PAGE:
Displaying items by tag: personal flotation device
#MCIB - The Marine Casualty Investigation Board (MCIB) has recommended a ministerial review of stability standards for fishing vessels following its report into the death of a crab fisherman off Co Cork in January last year.
Gerry Hegarty drowned after a wave struck the crab boat Carraig An Iasc, which was fully loaded with crab pots at the time, causing it to capsize and sending its two-man crew into the water.
Hegarty, who was not wearing a personal flotation device (PFD) or other buoyancy aid, got into difficulty while attempting to swim ashore with his crewmate and skipper James Fitzgerald, who subsequently raised the alarm.
Lifeboats from Ballycotton and Crosshaven, as well as Irish Coast Guard helicopter Rescue 117, were tasked to the incident. Divers from Naval Service vessel LE Emer located the sunken crab boat but no body was found.
A coastguard search of the area continued over a number of days without success. Hegarty's body was eventually recovered on 17 February 2011 at Ringabella Strand in Co Cork.
The MCIB found it probable that the Carraig An Iasc encountered wind or wave action or a combination of both that caused the vessel to heel to an angle beyond which it was able to recover from its loaded condition. The vessel's Code of Practice Declaration of Compliance was valid until 15 July 2013.
The board noted that there have been "a number of incidents caused by overloading boats thus effecting stability", and recommended that the Minister for Transport reviews and revises the stability standards in the current Code of Practice to improve these standards.
It was also recommended that a safety notice be issued to all skippers and owners in the fishing fleet reminding them of their legal responsibility to ensure that all their crew wear PFDs or lifejackets while on deck.
The full report is available to download as a PDF from the MCIB website HERE.
- Marine Casualty Investigation Board
- Irish Coast Guard
- naval service
- Rescue 117
- personal flotation device
- Minister for Transport
- LE Emer
- crab fishing
- Carraig An Iasc
- Gerry Hegarty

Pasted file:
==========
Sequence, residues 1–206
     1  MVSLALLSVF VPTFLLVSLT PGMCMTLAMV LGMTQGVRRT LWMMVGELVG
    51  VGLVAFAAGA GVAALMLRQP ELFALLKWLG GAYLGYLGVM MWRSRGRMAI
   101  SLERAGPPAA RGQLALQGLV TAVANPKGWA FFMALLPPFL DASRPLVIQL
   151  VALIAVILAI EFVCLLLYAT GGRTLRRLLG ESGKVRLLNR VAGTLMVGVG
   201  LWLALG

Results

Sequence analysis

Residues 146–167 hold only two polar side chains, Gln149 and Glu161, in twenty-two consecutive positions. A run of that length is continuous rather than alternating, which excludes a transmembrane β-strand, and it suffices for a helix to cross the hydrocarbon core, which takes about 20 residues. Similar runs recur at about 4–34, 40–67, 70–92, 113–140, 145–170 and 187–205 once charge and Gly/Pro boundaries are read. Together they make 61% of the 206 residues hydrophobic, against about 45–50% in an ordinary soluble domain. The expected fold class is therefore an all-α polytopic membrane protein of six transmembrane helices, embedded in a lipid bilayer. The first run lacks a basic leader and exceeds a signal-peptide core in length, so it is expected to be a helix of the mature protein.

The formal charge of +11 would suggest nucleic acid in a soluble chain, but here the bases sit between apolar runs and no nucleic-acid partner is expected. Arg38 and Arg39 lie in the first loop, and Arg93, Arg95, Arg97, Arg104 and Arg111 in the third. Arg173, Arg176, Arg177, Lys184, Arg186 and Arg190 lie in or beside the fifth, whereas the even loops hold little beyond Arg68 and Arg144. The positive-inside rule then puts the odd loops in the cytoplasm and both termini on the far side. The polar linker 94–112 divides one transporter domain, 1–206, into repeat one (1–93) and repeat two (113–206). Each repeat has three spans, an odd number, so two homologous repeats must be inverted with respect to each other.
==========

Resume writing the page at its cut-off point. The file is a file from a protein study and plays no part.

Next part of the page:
- James Fitzgerald
- Ringabella Strand
- Code of Practice
Owners and masters availing of winter mooring facilities for their vessels on any of Waterway Ireland's navigations are advised to choose a sheltered berth within the harbour, place adequate fendering between the vessel and the harbour wall and secure the vessel with double mooring lines.
The vessel should be monitored on a regular basis in the event that it should be taking or making water and particularly so after a period of stormy or frosty weather.
Owners visiting harbours during this period and who intend to work on their vessels should bear in mind the changed environmental conditions at this time of year and to take the appropriate measures necessary to reduce risks associated with working on or near water.
It is advised that personal protective clothing, to guard against the cold and the wet, including a personal flotation device, should be worn and all items checked for serviceability beforehand, bearing in mind:
• Low air temperatures
• Low water temperatures
• Reduced daylight
• Inclement weather
• Raised water levels
• Flood conditions including increased rates of flow
Working on or near water should preferably be undertaken in the company of a colleague. Lone working should be avoided if possible and especially at remote locations. Ensure that someone has been informed of your whereabouts and expected time of return.
Further, carry a mobile phone and/or a handheld Marine VHF, fully charged, for keeping in contact while being aware that full phone coverage is not available everywhere.